A Drift of Pearls and Coral Forms
This is the finished cuff. For want of a more inspired name (suggestions are more than welcome!) I've called it A Drift of Pearls and Coral Forms.
The thing that I am most curious about the work of others is the thought process behind a design. I figure if I'm interested in that sort of thing others must be as well, so if I'm wrong and you are not, bear with me while I explain mine...Usually I use pearls as accent beads, a few here and there but recently I went on a bit of a shopping spree when I found some on sale so I was feeling flush and wanted to do something 'en mass' with them. I had one strand called 'pewter'. A lustrous deep grey with a golden sheen and flashes of blue and mauve. I tipped the strand out on my bead mat and played. They arranged themselves in a sinuous, organic drift. Which made me think of the way ocean tides push and pull sand and shell particles into drifts, which lead me to think of macro photos of coral formations I'd seen and noted would be perfect to try with raised bead embroidery. I quickly sketched it out on some white foundation and dove for the beads...
I wanted to keep it monochrome so the colours of the beads didn't compete with the beauty of the pearls. I found some Gold-Lined Black Diamond AB seed beads which were a perfect match for the pearls, added some Swarovski 8mm rivoli in Crystal AB because the purple/blue flash of the AB coating picked up nicely on the colours in the pearls as well as adding light and sparkle to the palette of dark pearls.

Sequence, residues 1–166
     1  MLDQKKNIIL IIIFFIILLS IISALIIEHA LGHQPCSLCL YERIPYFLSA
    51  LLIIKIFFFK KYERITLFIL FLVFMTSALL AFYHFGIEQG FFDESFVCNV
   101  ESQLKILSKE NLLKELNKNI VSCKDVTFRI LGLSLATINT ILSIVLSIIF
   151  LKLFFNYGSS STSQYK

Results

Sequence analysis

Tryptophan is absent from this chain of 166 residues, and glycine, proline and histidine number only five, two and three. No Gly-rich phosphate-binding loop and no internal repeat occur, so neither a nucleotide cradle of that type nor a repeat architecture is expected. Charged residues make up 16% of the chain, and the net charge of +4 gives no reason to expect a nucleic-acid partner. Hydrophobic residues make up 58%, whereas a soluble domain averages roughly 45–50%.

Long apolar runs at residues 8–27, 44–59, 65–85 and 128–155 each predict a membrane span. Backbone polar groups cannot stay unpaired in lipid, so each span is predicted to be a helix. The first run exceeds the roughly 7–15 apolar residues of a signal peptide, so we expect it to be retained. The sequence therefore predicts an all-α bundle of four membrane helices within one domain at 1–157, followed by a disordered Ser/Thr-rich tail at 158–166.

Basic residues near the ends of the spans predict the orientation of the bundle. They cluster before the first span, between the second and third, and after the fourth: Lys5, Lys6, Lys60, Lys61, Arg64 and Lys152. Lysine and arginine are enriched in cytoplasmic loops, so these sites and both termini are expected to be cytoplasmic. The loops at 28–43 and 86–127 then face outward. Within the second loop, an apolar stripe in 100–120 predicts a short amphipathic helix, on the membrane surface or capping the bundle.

ProcessBefore I tried it, I was a little intimidated by raised bead embroidery. So far I've found it quite easy as a novice to get reasonable results. In the interest of full disclosure, I have to tell you that it is laborious, if you're looking for something low effort don't try it (or any other form of bead embroidery for that matter!) However, if you get into a good rhythm it can be quite meditative. The trick is to not think about how long its taking. Otherwise it does get frustrating. The upside is that once the padding is down there is no backstitching to do at all.
First you have to create the padding for the beads to sit on. I do this with layers of ordinary felt from the craft shop cut into pads that are sewn down with small stab stitches in ever increasing sizes until they are covered with a final layer, the actual size and shape of the object you are creating. It would be quicker, but you cannot glue the felt layers. Stitching them down creates a nice, smooth domed edge for the beads to seamlessly roll down off. Use as many layers as required to achieve the desired height. Most of the 'corals' in my cuff have only three layers.
That's really all there is to it. It's pretty simple, it just requires patience. I am pleased with how this cuff turned out and hope to revisit the coral forms again in a future work.